Wednesday, January 11, 2006

Another Pre-Dawn Seizure for Tessie

SEIZURE: IT'S HAPPENED AGAIN. Again, in the early hours of morning, as we all lay sleeping, I wake to hear Tessie snoring very loudly. I wait to make sure it's unusual snoring, then get up, turn on the room light, then pick her up and put her on the bed. Yes, she's lost urine (not typical for her) and is panting and salivating foam, eyes fixed on a distant nowhere. Yet this seizure seems less deep than the one before: she's not "gone," but is somehow aware that I am with her. We wait for it to pass, just five minutes or so. She's back ... and the pacing begins. Different from previous episodes: she stumbles as her front legs splay before her. Two or three times, I help her stand. She walks the length of the house, twice walking around a life-size plaster Sandicast sort of dog figure we keep on the dining room floor. I take her outside, but she seems puzzled, so we go back inside and she continues pacing. Again, it's not like before; her pacing this morning lacks the "driven" quality of previous seizures. But she visits her favorite spots, as before: the bathroom wall, her sleeping area, out to the other end of the house, up and down the galley kitchen, and back again. Still, she's not transfixed by invisibles as before.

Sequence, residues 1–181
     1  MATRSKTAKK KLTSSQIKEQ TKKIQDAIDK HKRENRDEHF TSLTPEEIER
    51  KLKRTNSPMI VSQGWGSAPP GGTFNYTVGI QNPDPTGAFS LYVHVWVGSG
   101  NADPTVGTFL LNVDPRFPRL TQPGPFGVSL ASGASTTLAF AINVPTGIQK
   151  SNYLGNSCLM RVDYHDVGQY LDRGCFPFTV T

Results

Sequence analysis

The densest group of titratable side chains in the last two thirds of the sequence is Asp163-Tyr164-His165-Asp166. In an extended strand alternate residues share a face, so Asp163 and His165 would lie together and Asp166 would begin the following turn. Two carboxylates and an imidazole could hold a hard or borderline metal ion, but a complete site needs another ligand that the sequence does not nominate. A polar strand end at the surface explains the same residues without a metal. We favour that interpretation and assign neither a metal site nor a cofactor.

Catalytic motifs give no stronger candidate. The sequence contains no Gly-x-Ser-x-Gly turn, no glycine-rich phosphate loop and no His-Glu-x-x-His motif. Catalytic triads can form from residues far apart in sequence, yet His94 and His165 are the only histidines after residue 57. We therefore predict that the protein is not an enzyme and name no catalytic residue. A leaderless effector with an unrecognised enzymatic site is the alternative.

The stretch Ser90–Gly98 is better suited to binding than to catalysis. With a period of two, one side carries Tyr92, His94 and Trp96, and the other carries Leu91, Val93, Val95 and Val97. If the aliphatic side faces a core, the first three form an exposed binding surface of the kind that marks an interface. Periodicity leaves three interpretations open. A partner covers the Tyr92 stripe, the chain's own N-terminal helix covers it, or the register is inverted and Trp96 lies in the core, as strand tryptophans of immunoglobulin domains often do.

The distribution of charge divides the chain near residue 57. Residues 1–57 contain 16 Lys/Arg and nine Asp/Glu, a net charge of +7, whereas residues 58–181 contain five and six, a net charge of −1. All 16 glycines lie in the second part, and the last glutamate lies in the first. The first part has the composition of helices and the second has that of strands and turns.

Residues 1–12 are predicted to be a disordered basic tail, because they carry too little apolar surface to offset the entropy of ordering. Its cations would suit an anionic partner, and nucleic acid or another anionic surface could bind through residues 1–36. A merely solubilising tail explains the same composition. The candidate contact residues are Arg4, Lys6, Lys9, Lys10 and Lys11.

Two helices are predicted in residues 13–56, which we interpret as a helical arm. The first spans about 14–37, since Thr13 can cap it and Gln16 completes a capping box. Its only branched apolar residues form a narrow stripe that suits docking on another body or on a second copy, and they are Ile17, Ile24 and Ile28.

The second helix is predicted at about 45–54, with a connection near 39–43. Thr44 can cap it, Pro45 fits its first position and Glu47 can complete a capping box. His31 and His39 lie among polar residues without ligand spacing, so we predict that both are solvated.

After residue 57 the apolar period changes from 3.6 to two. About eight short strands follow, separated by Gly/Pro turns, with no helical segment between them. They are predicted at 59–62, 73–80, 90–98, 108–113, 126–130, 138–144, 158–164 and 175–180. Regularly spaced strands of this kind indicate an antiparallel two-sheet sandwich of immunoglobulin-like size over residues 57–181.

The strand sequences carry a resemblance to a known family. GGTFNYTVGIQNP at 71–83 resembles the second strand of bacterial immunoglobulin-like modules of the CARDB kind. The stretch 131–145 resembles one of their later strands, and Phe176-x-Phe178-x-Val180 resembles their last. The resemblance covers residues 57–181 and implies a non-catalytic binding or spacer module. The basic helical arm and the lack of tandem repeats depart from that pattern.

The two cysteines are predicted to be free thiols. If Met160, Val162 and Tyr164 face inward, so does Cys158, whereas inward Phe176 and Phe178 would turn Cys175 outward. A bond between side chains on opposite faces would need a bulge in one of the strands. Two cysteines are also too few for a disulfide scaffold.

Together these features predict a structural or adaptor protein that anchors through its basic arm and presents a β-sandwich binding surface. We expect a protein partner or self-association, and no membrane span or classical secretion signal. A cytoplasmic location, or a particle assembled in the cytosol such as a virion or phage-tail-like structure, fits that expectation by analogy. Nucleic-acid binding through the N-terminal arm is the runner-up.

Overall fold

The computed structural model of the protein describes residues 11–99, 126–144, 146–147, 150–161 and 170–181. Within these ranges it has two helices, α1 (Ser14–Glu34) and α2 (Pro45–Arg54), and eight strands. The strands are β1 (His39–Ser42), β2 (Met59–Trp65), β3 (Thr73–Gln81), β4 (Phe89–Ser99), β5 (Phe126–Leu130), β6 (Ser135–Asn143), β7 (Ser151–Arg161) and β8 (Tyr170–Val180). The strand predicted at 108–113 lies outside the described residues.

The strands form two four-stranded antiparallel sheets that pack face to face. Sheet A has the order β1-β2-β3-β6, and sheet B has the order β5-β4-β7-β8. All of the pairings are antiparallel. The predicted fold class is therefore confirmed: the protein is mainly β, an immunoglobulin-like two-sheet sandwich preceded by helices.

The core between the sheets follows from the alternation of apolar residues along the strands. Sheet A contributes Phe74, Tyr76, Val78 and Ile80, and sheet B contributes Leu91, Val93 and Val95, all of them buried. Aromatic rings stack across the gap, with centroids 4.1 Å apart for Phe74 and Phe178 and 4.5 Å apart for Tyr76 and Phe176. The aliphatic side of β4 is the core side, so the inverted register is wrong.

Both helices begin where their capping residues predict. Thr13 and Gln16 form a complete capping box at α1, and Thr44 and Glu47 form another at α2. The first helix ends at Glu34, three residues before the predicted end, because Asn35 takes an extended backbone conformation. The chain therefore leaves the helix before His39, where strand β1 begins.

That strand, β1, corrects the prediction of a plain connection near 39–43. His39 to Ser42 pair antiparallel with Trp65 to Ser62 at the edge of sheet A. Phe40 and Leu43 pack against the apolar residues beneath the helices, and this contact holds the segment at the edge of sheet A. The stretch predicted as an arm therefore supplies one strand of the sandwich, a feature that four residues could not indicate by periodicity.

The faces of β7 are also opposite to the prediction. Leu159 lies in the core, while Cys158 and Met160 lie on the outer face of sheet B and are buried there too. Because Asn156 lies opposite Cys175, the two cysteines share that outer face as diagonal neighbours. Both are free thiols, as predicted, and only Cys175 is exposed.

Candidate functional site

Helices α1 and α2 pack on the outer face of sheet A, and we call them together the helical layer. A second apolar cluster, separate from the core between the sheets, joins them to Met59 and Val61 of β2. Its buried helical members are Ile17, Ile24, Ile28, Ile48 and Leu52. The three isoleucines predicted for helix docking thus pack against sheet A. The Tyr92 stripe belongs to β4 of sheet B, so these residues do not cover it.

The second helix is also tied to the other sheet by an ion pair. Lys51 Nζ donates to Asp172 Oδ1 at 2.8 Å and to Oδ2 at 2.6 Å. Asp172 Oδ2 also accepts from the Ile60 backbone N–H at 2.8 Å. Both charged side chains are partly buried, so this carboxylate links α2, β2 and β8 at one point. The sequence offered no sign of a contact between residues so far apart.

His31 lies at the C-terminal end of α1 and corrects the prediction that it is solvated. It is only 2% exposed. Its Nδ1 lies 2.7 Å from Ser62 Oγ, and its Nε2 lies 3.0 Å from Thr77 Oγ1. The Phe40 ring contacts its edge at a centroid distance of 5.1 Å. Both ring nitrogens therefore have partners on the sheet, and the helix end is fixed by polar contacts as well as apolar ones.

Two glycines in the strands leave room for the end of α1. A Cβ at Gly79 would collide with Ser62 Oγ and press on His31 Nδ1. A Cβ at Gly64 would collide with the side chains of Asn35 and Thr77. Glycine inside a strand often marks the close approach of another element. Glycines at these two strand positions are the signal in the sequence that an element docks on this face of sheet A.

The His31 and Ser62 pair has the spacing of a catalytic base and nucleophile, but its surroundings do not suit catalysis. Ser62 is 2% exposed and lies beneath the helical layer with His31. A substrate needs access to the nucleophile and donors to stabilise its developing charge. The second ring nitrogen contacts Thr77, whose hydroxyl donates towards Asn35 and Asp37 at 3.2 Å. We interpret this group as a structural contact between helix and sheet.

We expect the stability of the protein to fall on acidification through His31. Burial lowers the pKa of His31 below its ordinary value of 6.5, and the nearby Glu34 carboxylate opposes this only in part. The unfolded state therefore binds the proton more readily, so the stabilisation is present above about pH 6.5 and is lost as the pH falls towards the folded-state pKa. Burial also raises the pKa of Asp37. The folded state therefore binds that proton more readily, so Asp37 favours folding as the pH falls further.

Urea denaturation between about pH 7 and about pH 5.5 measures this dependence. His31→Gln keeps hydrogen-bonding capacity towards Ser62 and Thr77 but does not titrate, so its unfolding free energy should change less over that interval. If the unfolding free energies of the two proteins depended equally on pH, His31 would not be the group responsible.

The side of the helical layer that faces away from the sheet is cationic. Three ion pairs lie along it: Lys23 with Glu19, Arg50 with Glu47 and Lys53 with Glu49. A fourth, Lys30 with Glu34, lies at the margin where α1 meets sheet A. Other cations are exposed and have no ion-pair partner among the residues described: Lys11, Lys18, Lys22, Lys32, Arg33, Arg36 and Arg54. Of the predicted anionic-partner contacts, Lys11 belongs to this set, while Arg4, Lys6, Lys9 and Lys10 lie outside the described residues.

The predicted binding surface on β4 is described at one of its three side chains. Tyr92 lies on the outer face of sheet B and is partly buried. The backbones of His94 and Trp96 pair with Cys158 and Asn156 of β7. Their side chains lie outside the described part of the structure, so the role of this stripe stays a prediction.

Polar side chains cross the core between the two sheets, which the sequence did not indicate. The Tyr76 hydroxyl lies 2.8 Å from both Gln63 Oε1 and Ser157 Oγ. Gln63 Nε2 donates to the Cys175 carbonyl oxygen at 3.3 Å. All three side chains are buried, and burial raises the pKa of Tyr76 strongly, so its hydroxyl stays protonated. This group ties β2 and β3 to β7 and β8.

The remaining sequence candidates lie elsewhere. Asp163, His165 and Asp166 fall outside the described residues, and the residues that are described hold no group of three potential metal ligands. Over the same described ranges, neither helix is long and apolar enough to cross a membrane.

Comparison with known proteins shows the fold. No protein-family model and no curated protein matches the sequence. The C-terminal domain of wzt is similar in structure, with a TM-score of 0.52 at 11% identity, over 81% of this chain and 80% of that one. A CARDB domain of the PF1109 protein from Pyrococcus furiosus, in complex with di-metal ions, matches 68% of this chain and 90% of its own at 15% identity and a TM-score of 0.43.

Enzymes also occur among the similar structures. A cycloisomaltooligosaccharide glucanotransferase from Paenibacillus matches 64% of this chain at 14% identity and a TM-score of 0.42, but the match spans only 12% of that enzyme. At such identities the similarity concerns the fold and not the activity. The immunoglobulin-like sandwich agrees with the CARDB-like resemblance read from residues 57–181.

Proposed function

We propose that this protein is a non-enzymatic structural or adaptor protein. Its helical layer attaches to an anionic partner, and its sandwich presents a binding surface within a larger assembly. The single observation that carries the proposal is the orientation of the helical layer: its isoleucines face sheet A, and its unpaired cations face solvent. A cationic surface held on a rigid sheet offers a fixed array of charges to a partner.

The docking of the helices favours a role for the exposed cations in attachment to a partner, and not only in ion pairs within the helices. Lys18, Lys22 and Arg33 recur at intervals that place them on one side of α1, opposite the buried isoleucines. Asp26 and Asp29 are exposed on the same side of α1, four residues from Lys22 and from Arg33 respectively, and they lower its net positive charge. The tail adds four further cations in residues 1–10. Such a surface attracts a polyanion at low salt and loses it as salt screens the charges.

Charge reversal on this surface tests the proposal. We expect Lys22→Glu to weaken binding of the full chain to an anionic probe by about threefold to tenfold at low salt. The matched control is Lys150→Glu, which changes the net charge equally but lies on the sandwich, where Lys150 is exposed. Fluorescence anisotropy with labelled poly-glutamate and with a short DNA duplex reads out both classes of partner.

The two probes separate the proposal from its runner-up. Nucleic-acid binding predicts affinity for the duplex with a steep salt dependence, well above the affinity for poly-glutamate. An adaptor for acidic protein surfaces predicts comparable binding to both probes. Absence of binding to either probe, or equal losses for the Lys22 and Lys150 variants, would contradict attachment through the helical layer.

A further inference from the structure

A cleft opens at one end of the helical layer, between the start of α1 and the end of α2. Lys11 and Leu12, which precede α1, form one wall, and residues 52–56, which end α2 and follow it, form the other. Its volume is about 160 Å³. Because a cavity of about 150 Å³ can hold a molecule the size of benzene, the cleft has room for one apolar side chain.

She seems to get headaches, and the right side of her head often feels warmer than the left. She engages in head-rubbing so insistent that she's marked the wall and the back of the couch. (I'll post photos later.) This points to the possibility of terrible, virtually incurable disease. We're not sure what to do. The vet doesn't want to start her on anti-seizure meds till they become more frequent. A neurology workup, with MRI or CAT scan, will be very expensive. She's 13. What do we do now?